How Can Birds Roost on One Leg?
Many songbirds, such as cardinals or finches, sleep perched in the safety of dense trees or shrubs. When they fall asleep, they stand on one leg.
This story comes to you through a partnership between Audubon and BirdNote, a show that airs daily on public radio stations nationwide.
Written by Bob Sundstrom
When birds retire for the night, they seek a place to roost. And while the world of birds includes a variety of sleeping arrangements, many songbirds such as cardinals or finches sleep perched in the safety of dense trees or shrubs.
When such a bird flies into the branches of a tree at nightfall, it perches on a twig and perhaps preens a bit. Then the bird lays its head over its back and tucks its bill into its feathers, while pulling one leg up into its belly feathers. Then it falls asleep, standing on one leg.
On one leg? Why doesn’t it fall over as soon it relaxes into sleep?
Because of an adaptation peculiar to perching birds.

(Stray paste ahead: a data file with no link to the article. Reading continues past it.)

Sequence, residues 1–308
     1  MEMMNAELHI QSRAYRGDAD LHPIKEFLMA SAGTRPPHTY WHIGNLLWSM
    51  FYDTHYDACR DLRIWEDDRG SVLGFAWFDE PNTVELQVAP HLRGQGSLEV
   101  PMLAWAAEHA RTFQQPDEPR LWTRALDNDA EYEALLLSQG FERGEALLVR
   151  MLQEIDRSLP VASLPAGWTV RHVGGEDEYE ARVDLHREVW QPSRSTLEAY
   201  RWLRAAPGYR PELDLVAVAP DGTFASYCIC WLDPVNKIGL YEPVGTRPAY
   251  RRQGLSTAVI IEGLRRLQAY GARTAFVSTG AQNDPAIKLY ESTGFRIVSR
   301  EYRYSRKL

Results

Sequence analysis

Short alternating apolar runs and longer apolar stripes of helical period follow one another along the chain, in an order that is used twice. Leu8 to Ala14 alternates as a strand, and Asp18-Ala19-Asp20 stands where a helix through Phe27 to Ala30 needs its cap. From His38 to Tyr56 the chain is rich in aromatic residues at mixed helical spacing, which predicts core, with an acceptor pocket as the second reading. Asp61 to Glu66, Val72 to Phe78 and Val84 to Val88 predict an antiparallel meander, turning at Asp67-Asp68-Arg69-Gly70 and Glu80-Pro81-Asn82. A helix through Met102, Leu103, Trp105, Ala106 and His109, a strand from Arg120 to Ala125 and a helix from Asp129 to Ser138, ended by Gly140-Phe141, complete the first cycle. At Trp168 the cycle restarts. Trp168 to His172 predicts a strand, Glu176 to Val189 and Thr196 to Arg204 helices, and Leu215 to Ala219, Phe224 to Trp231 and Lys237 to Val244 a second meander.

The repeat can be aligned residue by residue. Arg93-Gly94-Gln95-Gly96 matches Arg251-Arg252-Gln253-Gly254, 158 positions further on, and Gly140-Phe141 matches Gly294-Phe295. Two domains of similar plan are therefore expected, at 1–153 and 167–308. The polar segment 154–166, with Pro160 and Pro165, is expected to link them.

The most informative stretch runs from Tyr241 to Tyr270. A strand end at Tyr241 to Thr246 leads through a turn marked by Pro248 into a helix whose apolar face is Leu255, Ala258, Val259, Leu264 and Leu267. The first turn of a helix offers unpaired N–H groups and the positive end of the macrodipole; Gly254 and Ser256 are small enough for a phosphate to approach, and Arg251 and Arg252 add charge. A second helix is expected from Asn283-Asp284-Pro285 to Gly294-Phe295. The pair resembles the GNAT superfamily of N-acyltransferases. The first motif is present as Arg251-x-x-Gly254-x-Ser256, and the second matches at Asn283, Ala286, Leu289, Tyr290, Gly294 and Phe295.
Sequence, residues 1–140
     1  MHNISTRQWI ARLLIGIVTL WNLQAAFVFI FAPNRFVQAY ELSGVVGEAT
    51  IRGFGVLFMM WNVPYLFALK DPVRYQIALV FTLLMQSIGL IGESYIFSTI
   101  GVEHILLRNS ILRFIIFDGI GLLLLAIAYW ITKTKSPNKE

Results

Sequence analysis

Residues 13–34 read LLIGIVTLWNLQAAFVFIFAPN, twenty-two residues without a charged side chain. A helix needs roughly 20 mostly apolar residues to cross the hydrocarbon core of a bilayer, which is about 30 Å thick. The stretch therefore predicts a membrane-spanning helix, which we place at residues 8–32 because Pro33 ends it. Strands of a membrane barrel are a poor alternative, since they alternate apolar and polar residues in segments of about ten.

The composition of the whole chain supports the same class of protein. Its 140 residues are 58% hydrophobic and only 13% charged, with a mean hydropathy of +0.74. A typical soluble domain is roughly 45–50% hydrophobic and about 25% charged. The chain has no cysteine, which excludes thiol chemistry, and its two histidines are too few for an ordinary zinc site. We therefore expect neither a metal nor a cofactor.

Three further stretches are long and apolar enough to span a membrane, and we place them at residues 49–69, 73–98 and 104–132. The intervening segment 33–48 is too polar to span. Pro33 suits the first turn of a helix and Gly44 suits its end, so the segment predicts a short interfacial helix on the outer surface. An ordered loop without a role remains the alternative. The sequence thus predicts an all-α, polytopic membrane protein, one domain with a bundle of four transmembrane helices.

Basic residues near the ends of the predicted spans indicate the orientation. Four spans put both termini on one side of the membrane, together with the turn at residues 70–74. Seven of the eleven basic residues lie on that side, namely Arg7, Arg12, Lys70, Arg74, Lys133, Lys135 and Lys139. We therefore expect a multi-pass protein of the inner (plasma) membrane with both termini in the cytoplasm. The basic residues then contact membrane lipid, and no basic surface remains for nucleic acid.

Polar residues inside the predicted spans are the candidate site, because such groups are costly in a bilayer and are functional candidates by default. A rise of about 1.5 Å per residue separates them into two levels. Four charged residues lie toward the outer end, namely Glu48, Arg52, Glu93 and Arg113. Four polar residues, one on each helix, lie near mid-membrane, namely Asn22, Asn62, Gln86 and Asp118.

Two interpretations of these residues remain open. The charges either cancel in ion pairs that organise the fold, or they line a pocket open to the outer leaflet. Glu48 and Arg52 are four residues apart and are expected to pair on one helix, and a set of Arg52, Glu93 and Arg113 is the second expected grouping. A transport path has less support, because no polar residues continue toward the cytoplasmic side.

A bird’s weight pressing down on its heel tightens a tendon in the heel, which in turn forces the toes to close in a very tight grip on the twig. As long as the bird holds that pose with its body weight pressing down, its perching grip remains secure, locked in position. Right through the night.
BirdNote is funded by listeners like you. You make shows like this possible. Learn more at birdnote.org. and like us on Facebook. For BirdNote, I’m Michael Stein.
Musical selection “Mountain of the Night” on Inspiration by Lynne Arriale, TCB Music 2001. Bird sounds provided by The Macaulay Library of Natural Sounds at the Cornell Lab of Ornithology, Ithaca, New York. Song of Northern Cardinal  recorded by G.A. Keller; BirdNote’s theme music was composed and played by Nancy Rumbel and John Kessler. Producer: John Kessler; Executive Producer: Chris Peterson; © 2013 Tune In to Nature.org November 2013 Narrator: Michael Stein